6. As a new article of manufacture for supporting tiles on a gable roof, a runner comprising two sections to rest respectively upon the so two inclined sidesof the roof with a connection connecting said sections at the ridge of the roof, and having means at a plurality of points on the same for securing tiles thereto.

7. In a tile roof construction, the combination of an inclined supporting roof having a ings, the said openings in lower tiles being runner exerted by the action of gravity down the roof and forming the sole attachment of the runners to the roof on the eflective area of the roof.

Signed at Los Angeles, California, this 22nd day of April, 1929.

EMMET G. MARTIN.

continuous water-shedding upper surface, a

' plurality of tile supporting runners attached to'the roof adjacent its ridge extending down the roof substantially equidisant from each other and resting loosely unattached on the said water-shedding surface throughout its efi'ective area, tiles supported on the said water-shedding surface in overlapping relation in rows overlying the said runners so that the upper ends of the lower tiles extend under the lower. ends of upper tiles, and hangers in the form of links attached to the said runners and attached to the upper ends of the tiles.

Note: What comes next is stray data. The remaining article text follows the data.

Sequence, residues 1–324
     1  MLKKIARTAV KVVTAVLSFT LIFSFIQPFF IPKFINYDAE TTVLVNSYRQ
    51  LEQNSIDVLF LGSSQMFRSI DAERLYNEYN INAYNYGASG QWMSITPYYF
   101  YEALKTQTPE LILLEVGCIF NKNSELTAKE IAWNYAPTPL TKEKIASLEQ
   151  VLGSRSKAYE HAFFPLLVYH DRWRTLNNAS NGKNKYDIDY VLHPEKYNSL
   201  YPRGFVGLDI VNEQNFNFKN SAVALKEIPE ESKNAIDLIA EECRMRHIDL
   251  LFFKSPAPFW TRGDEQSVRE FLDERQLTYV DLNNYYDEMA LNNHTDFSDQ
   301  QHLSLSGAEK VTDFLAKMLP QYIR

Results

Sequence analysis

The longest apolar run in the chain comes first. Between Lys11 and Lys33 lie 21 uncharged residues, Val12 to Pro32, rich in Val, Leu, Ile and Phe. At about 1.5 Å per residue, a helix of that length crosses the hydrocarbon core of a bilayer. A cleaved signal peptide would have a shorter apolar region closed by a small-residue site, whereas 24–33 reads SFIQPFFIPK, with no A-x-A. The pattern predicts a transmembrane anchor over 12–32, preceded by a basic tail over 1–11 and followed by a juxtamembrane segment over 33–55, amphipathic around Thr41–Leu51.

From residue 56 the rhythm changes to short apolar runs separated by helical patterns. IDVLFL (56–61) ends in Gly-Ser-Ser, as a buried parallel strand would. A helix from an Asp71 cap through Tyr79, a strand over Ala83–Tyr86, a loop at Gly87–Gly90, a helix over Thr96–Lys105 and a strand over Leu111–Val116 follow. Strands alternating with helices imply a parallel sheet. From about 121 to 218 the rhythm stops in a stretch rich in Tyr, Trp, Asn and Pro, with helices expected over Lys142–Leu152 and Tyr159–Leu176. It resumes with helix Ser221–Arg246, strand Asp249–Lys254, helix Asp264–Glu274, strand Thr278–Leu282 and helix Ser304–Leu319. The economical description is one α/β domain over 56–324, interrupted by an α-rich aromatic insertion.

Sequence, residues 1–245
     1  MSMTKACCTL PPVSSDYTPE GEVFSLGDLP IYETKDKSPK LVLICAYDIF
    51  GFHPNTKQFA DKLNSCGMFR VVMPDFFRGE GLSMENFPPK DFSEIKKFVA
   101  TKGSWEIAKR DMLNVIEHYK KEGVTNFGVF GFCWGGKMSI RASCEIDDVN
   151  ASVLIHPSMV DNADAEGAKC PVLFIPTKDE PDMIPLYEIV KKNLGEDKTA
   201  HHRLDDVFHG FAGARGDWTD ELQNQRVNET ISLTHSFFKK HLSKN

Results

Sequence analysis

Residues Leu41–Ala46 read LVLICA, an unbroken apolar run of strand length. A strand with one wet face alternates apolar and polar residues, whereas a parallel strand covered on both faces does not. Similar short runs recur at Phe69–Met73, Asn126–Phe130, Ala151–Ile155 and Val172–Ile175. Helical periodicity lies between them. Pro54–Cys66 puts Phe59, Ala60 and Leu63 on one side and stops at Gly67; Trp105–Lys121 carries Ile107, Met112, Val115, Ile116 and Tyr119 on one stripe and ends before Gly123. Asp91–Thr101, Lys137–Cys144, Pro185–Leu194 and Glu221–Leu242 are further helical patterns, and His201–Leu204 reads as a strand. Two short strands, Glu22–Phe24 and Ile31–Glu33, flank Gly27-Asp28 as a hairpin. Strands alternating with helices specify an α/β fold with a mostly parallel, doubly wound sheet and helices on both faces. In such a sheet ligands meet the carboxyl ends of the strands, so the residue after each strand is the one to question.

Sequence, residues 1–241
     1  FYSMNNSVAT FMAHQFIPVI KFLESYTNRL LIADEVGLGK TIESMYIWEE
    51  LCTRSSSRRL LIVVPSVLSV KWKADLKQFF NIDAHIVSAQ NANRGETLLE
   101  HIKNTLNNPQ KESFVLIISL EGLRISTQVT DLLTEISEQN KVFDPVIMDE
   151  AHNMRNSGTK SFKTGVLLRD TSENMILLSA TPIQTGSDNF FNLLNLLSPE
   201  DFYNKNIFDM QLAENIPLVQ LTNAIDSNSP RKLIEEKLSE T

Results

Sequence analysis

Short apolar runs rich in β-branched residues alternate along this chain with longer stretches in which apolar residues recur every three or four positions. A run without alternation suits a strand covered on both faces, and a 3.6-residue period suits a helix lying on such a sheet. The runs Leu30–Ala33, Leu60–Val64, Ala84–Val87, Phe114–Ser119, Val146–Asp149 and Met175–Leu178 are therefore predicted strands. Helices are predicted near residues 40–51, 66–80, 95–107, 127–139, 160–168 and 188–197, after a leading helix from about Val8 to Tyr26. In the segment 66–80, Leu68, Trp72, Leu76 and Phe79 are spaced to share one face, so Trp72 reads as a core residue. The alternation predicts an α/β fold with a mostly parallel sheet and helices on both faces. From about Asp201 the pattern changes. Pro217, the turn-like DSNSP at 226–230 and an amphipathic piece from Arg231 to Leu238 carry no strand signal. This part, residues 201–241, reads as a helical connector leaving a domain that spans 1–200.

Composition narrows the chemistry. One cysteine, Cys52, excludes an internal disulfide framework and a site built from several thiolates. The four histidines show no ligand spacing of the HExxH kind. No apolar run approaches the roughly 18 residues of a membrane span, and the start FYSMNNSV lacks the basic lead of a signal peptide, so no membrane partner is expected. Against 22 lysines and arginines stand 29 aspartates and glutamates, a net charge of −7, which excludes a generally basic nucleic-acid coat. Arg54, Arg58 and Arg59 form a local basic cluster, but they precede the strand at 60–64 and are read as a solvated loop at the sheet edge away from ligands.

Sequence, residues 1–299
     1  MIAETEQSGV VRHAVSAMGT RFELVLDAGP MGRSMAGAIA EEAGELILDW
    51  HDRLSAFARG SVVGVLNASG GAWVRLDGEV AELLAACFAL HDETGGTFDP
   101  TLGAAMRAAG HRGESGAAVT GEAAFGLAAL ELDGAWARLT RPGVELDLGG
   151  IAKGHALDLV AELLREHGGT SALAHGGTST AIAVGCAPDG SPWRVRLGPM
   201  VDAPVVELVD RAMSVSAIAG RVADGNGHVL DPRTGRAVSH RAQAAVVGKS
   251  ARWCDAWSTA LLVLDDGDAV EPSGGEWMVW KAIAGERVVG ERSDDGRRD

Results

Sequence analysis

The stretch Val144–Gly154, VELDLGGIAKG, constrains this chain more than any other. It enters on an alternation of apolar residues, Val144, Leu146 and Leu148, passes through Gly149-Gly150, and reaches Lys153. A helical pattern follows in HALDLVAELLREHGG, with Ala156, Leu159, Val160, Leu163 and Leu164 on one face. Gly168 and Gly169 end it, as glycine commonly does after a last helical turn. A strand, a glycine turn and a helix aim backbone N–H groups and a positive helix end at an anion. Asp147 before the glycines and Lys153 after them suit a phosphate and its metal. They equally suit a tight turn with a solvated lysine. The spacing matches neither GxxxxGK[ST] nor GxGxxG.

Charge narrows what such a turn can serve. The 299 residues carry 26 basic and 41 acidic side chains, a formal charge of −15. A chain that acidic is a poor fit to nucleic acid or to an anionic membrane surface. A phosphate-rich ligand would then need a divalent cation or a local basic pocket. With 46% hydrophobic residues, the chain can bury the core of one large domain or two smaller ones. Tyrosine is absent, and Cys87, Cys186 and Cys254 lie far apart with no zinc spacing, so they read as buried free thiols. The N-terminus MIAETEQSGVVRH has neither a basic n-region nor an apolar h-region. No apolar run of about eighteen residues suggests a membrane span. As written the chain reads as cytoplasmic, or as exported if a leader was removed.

8, In a tile roof construction, the combination of an inclined supporting roof having a continuous water-shedding upper surface, a plurality of tile supporting runners resting loosely upon said water-shedding surface and extending downwardly, tiles disposed in overlapping relation in rows supported on said water-shedding surface overlying the said runners so that the upper ends of the lower tiles extend under the'lower ends of 60 the upper tiles, means for securing the individual tiles to the said runners and means corresponding to each runner and located adjacent the uppermost row of tiles for securing the said runners to the roof, said securin means resisting the pull of all the tiles of each-

Referenced by
Citing PatentFiling datePublication dateApplicantTitle
US2900929 *Aug 6, 1954Aug 25, 1959Adelt Carl WRoof construction
EP0074011A2 *Aug 24, 1982Mar 16, 1983DLW AktiengesellschaftConstruction unit for fastening roof laths intended to receive roofing elements, in particular roof tiles, to building rafters, supporting thermally insulating elements
EP0327481A1 *Jan 13, 1989Aug 9, 1989Hubert HoffmannFastening device for roof tiles
Classifications
U.S. Classification52/551, 52/277, 52/94
International ClassificationE04D1/34
Cooperative ClassificationE04D2001/3473, E04D2001/3438, E04D1/045, E04D2001/3497, E04D2001/3467, E04D2001/342, E04D2001/3411, E04D1/34
European ClassificationE04D1/04A, E04D1/34